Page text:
Dear Lisnen. I have been living a big lie and holding a secret for the longest time. I never told anybody, and only my closest friends and family know. I have a hearing loss. I am pretty good at hiding it from everyone, and my long hair covers my hearing aids in my ears. So no one ever knows. But I am sick and tired of having to pretend all the time. I’m feeling withdrawn from life and alone, but I just don’t know how I could have the confidence to be my true self. NotReadytoComeOut
Dear NotReadytoComeOut. There’s a story that our society talks about when it is related to hearing loss. There’s a label associated with hearing aids that explains why you are writing to me feeling you can’t be yourself.
Hearing loss is not openly accepted in our society, and with its ability to be invisible, it adds a whole new dimension that makes it harder to destigmatize hearing loss. Our world has taught you that hearing loss means that we are either old, dumb, or unattractive. It is no wonder you feel the need to hide under these prevailing thoughts and beliefs running in our communities.
Hearing loss has been labeled as an old people problem, and although many people can lose their hearing at any point in their life, the label no longer makes sense. Yet people still believe it to be true. Sometimes, what we think is right, is not valid, and we need to collectively challenge ourselves and our beliefs.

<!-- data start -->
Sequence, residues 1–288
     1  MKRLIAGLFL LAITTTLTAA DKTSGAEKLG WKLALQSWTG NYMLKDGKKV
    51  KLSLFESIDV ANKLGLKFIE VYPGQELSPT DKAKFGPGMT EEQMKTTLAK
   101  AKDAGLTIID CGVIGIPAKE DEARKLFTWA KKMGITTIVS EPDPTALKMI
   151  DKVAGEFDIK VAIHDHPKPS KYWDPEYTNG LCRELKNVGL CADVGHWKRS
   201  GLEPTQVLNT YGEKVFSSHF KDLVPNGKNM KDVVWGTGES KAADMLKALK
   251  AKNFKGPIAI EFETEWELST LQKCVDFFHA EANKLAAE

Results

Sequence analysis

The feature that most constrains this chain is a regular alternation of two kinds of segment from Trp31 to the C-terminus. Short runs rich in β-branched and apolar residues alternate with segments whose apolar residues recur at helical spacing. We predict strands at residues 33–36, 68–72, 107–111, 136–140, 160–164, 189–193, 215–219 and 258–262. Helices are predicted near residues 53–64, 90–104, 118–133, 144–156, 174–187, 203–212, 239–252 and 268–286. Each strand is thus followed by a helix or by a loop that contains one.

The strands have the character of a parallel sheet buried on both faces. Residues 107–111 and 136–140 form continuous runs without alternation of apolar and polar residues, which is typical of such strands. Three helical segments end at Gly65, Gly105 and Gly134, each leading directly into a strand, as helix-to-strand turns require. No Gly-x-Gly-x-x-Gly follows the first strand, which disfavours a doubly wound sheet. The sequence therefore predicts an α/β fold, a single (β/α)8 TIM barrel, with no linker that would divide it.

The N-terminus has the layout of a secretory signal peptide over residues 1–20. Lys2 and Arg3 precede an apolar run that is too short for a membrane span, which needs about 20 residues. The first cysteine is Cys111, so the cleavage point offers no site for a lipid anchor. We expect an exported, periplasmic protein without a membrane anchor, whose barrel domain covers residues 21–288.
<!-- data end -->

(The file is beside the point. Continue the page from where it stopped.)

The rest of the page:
Your ability to be free from the demon that wants to keep you close and safe from getting hurt is not working. The negative thoughts want you to believe the sense of shame you have for your hearing loss. They want to tell you that you shouldn’t draw attention to who you are and display your disability. They do that to protect you from what they think will upset you when you experience the demeaning, rude, and condescending behavior that people who display their hearing loss will experience. Realize that many people worldwide are proudly displaying their hearing aids in multiple colors and dazzle with jewelry and trust me, they are not being attacked and hurt daily. If someone has the decency to say mean and hurtful things and go through all that effort to say it to you, it tells me that it much of their issues than it is about yours. We are now all in a vicious cycle because of something that someone says or believed, and we are acting it out on ourselves and others, and others interpret our behavior and pass it along. It keeps going and going. It is your job to break that cycle.